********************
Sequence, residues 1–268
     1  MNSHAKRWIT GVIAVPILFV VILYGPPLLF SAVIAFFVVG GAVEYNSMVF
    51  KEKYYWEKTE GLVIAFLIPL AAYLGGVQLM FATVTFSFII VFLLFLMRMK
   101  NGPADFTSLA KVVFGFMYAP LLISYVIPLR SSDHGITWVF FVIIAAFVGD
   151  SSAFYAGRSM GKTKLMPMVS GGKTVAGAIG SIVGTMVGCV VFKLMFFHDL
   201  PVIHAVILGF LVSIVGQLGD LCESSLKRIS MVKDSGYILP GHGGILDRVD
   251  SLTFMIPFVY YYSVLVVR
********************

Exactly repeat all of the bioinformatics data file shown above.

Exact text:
Sequence, residues 1–268
     1  MNSHAKRWIT GVIAVPILFV VILYGPPLLF SAVIAFFVVG GAVEYNSMVF
    51  KEKYYWEKTE GLVIAFLIPL AAYLGGVQLM FATVTFSFII VFLLFLMRMK
   101  NGPADFTSLA KVVFGFMYAP LLISYVIPLR SSDHGITWVF FVIIAAFVGD
   151  SSAFYAGRSM GKTKLMPMVS GGKTVAGAIG SIVGTMVGCV VFKLMFFHDL
   201  PVIHAVILGF LVSIVGQLGD LCESSLKRIS MVKDSGYILP GHGGILDRVD
   251  SLTFMIPFVY YYSVLVVR